Bottom line is the money. If it benefited anyone with enough pull to make a serious change to save the USMM, it would happen. Unfortunately the way things currently are is the best way for companies to make money, for lobbyist to make money, for the Mariners to make as much money as they can, and for elected officials to be able to collect from lobbyists on both sides of the debate. The unions pay one senator to support the USMM, some foreign interest pays another one to oppose it.
Keep the memes coming tho
So beer dude , you don’t think your union has your best interests in mind? Why are you there?
Listen here old timer, you gotta start using your reading comprehension skills. I know you didn’t go to an academy, but you at least graduated high school right? When did I say that? I said the unions pay for lobbying that promotes their interests, and someone else pays a different lobbyist to lobby against said interests.
It’s an intriguing thought I say. And good discourse on the thread.
The Jones act is 100 years old now and from a totally different era. Senator Jones had a good reason for sponsoring such legislation to support his
Local region’s shipyards - he was also a staunch supporter or prohibition. Probably no relation, but, we have 10 states now that have legalized marijuana, so, perhaps a different political environment now…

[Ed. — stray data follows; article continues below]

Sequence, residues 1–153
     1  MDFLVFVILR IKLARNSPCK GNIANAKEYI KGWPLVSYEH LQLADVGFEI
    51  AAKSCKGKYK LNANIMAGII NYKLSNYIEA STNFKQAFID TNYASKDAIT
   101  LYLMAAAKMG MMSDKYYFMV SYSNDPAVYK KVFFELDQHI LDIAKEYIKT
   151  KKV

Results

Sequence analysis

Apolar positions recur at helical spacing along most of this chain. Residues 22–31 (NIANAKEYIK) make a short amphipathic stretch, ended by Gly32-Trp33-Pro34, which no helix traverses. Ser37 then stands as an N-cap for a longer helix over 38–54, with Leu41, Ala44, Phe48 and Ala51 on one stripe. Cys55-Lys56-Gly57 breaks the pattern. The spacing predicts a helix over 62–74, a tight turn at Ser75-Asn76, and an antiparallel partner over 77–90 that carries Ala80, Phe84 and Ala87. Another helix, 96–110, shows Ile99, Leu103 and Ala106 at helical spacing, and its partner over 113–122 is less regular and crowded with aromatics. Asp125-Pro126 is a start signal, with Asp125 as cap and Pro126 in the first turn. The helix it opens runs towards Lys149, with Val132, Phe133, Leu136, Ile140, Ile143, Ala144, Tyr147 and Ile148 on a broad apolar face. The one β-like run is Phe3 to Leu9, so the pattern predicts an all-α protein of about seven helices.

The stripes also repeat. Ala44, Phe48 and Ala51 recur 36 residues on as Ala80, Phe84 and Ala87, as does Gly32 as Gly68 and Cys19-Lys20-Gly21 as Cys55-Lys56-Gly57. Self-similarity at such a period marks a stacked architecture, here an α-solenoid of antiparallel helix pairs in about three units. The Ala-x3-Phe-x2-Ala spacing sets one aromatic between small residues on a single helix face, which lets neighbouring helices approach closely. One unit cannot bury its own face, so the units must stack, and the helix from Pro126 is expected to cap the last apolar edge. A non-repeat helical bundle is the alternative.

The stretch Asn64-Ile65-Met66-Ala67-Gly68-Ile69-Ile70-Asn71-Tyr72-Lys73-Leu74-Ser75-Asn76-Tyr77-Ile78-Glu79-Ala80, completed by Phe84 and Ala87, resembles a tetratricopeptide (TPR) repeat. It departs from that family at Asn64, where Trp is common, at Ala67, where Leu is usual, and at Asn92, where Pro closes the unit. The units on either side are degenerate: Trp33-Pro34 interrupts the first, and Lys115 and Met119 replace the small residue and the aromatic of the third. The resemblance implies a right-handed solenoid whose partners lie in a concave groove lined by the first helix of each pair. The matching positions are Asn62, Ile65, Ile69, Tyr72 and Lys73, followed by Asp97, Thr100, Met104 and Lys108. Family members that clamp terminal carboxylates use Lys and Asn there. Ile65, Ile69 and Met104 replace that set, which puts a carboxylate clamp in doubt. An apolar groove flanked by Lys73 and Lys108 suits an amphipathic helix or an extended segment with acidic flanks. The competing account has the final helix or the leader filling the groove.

Anyway, I agree the act is past it’s time. Build requirements are backwards - allow ships to be built anywhere else. It actually may inspire American yards to get more efficient and figure out how to be better. When the act was passed, it protected growing industry, 100 years later, it stifles an already stagnant one.
Labor wise, I would have to say maybe it could go both ways. On one hand, protecting domestic jobs is precisely what any reasonable person should expect of a “good” law. (Unless you’re totally on the side of free trade/open borders, which, is great but, only really exists in utopian fantasy) … However, opening up labor to any nationality on coastwise ships would encourage further efficiencies in the industry. … all that being said, I think the latter option is silly unless reciprocal agreements are in place to prevent total abuse of it. (Like, Canada allows US Mariners, and vice versa)